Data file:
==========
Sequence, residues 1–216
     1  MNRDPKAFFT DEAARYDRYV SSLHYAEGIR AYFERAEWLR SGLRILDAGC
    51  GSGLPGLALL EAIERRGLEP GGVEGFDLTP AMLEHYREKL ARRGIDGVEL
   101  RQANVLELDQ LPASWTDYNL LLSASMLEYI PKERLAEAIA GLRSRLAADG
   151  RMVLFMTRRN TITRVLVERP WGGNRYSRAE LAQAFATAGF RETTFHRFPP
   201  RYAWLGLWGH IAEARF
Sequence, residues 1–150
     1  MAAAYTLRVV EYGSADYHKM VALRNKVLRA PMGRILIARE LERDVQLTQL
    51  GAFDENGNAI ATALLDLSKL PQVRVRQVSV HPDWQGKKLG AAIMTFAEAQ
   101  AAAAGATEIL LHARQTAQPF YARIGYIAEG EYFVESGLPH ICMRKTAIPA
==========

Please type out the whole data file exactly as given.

Sequence, residues 1–216
     1  MNRDPKAFFT DEAARYDRYV SSLHYAEGIR AYFERAEWLR SGLRILDAGC
    51  GSGLPGLALL EAIERRGLEP GGVEGFDLTP AMLEHYREKL ARRGIDGVEL
   101  RQANVLELDQ LPASWTDYNL LLSASMLEYI PKERLAEAIA GLRSRLAADG
   151  RMVLFMTRRN TITRVLVERP WGGNRYSRAE LAQAFATAGF RETTFHRFPP
   201  RYAWLGLWGH IAEARF
Sequence, residues 1–150
     1  MAAAYTLRVV EYGSADYHKM VALRNKVLRA PMGRILIARE LERDVQLTQL
    51  GAFDENGNAI ATALLDLSKL PQVRVRQVSV HPDWQGKKLG AAIMTFAEAQ
   101  AAAAGATEIL LHARQTAQPF YARIGYIAEG EYFVESGLPH ICMRKTAIPA